Tempering Methods for High Performance Ceramic Composites

A recent study published in the journal Materials Today Physics focuses on the development of bio-inspired, extremely hard quaternary nanocomposites to increase the toughness of ceramic composites.

Study: Macro-micro-nano multi-step quenching in nano-laminated graphene ceramic composites. Image Credit: BONNINSTUDIO/Shutterstock.com

Although conventional techniques such as particle distribution, phase transition, and flake hardening can be used to harden ceramics, these methods often have a detrimental effect on the durability and strength of composites. This problem can be solved by using structural principles from research on biomaterials such as bamboo and beads.

Ceramics: applications and limits

High thermal consistency, abrasion resistance and remarkable tensile characteristics are some of the advantages of ceramics over other materials. These characteristics make it the material of choice for advanced structural and functional applications such as high-speed milling equipment, medical instruments and systems, gasoline components, aviation components, and high-voltage batteries. Ceramic is also used in mass transit systems and for energy storage.

However, there is still a mismatch between the qualities of commercially available ceramics and the attributes required for next-generation applications. Ceramics are prone to cracking due to their ionic and/or covalent bonding, resulting in high defect susceptibility and low durability. As a result, the ceramic industry requires materials that are more resistant to damage, making the development of advanced ceramic materials critical.

When it comes to advanced ceramic composites, quenching is always required to increase efficiency and durability. Tempering techniques can be divided into two categories: internal and external. Internal processes have the greatest effect on fracture initiation toughness because they act upstream of the crack tip. In contrast, external mechanisms have a large impact on the resistance to crack growth because they act behind the tip of the crack.

Traditional ceramic tempering techniques

Particle dispersion quenching, phase transition quenching, whisker quenching, and synergistic quenching are some of the traditional ceramic quenching techniques used in industry. Particle dispersion hardening is achieved by inhibiting crack initiation and propagation through proper distribution of second phase nanoparticles, including metal matrix phase and ceramic phase particles.

Transformation hardening improves the hardness of ceramic materials by refining the ceramic structure to produce stress-induced transitions at room temperature. Tempering the whiskers/fibers increases the toughness of the matrix by incorporating high modulus whiskers into the ceramic phase.

Through the use of multiple reinforcements, synergistic quenching also improves die toughness because combining multiple quenching techniques produces better results than a single method.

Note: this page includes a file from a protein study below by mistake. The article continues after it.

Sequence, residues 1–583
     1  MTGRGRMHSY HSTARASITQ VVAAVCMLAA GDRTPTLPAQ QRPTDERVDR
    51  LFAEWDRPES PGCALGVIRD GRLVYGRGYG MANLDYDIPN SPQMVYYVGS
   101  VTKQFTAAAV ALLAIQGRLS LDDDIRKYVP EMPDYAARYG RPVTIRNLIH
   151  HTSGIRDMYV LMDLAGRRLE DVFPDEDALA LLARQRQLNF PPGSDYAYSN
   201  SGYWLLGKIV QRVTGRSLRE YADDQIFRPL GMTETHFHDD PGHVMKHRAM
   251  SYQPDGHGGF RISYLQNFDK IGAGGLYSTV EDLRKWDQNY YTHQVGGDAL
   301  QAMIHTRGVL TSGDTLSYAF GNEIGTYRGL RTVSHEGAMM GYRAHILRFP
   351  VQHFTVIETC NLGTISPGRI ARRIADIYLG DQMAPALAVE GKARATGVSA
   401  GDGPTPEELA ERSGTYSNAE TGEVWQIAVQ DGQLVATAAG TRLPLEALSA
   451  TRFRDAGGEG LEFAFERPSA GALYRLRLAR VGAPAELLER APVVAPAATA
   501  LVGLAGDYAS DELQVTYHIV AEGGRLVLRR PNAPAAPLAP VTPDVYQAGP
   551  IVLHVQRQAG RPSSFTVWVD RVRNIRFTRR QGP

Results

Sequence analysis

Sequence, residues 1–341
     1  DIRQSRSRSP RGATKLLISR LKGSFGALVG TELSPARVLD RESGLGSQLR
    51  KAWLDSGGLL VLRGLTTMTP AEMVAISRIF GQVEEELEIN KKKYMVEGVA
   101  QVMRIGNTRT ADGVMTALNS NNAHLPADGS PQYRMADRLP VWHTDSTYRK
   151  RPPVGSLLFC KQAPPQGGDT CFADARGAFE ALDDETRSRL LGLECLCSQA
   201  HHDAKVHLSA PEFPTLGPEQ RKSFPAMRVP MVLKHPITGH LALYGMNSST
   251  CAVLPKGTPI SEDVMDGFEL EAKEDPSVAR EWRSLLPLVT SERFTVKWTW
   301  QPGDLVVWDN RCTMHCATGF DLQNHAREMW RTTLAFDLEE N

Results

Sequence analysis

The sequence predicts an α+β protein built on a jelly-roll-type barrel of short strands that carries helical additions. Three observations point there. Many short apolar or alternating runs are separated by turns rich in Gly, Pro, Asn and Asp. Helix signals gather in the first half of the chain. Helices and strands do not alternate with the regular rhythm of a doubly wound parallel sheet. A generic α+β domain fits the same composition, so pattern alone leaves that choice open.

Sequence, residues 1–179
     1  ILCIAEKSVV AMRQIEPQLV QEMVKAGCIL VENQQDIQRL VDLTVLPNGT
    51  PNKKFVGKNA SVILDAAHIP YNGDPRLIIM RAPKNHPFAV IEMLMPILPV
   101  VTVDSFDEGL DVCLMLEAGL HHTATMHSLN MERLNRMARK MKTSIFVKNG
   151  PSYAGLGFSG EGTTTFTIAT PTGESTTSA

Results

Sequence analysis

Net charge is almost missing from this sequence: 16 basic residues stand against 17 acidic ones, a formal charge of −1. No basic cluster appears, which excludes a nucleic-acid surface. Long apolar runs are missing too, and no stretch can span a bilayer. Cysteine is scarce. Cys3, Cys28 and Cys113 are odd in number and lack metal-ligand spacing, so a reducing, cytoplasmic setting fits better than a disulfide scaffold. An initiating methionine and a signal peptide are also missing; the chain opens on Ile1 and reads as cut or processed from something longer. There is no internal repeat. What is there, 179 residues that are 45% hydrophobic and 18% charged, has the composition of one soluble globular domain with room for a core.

New concept ceramic tempering techniques

Nanofiber reinforcement, CNT quenching, in-situ self-hardening and laminated structural quenching are examples of new concept quenching processes. Nanofiber reinforcement significantly improves the toughness of ceramic composites by introducing a second phase at the nanoscale.

CNT quenching is a technique that uses carbon nanotubes as a reinforcing agent to increase the toughness of a ceramic matrix. CNTs have a large aspect ratio and remarkable thermophysical characteristics, which results in a significant increase in toughness. In-situ self-hardening approaches attempt to increase the hardness of the ceramic phase by using self-hardening elements such as extended grains, fractal grains, and fibers.

Layered structural tempering increases the strength of the ceramic phase by producing compressive forces on the top layer and changing the interlocking dispersion using the difference in coefficient of expansion between adjacent layers in the ceramic particles.

Research Methodology

With the advancement of nanomaterials and related fields, work on strong and tough ceramics has shifted from conventional quenching to new concept quenching. Graphene has emerged as the most potential reinforcement material for hardening ceramics, due to its small size, intrinsic 2D sheet composition, high abundance, and environmental friendliness.

In this study, researchers used graphene to design and develop complex designs spanning multiple sizes inside the ceramic phase using a bottom-up construction strategy. Multi-step curing methods have been established by combining components and layered structural approaches to achieve the best performance for advanced ceramic composites.

conclusion and perspectives

At different time and space scales, all of the suggested macro-micro-nano multi-stage hardening processes were successful in dispersing energy, transferring applied load and attenuating high local pressures, thereby increasing resistance to rupture without losing the rigidity of nanocomposites. To produce an improved ceramic nanocomposite, these findings focus on the importance of careful material design and selection to uncover the important processes leading to improved mechanical efficiency.

This study provides a suitable approach to develop tough ceramic materials for applications in optoelectronics, information technology, industrial production, navigation, healthcare, defense and space travel by successfully developing a combination of hardening methods ranging from nanoscale to macroscale.

Read on: The role of structural engineering in nanotechnology.

Reference

Sun, J. et al. (2021) Multi-step macro-micro-nano tempering in nano-laminated graphene ceramic composites. The physics of materials today. Available at: https://www.sciencedirect.com/science/article/abs/pii/S254252932100256X

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